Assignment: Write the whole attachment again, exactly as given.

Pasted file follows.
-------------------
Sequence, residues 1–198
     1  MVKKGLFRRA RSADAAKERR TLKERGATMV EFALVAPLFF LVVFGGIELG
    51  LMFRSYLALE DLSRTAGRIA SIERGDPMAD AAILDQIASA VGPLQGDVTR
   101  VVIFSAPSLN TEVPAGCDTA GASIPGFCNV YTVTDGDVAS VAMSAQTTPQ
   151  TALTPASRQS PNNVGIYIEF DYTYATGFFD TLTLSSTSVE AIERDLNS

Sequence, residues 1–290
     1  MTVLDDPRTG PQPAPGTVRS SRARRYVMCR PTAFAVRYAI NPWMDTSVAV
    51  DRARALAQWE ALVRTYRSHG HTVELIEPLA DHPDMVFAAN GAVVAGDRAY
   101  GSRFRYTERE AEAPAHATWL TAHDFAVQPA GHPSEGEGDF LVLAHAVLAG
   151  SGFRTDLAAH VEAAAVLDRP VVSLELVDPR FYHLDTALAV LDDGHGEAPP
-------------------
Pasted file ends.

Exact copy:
Sequence, residues 1–198
     1  MVKKGLFRRA RSADAAKERR TLKERGATMV EFALVAPLFF LVVFGGIELG
    51  LMFRSYLALE DLSRTAGRIA SIERGDPMAD AAILDQIASA VGPLQGDVTR
   101  VVIFSAPSLN TEVPAGCDTA GASIPGFCNV YTVTDGDVAS VAMSAQTTPQ
   151  TALTPASRQS PNNVGIYIEF DYTYATGFFD TLTLSSTSVE AIERDLNS

Sequence, residues 1–290
     1  MTVLDDPRTG PQPAPGTVRS SRARRYVMCR PTAFAVRYAI NPWMDTSVAV
    51  DRARALAQWE ALVRTYRSHG HTVELIEPLA DHPDMVFAAN GAVVAGDRAY
   101  GSRFRYTERE AEAPAHATWL TAHDFAVQPA GHPSEGEGDF LVLAHAVLAG
   151  SGFRTDLAAH VEAAAVLDRP VVSLELVDPR FYHLDTALAV LDDGHGEAPP